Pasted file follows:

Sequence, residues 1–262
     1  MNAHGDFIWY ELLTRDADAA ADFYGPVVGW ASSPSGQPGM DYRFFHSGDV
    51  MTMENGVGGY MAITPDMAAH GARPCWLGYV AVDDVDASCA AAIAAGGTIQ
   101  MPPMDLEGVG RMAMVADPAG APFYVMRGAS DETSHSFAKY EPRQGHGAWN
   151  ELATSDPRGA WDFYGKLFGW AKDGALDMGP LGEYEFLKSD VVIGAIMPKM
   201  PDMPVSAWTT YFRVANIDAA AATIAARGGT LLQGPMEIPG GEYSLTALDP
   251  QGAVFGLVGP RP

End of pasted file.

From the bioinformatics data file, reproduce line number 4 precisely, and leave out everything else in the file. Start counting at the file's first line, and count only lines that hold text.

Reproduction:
   101  MPPMDLEGVG RMAMVADPAG APFYVMRGAS DETSHSFAKY EPRQGHGAWN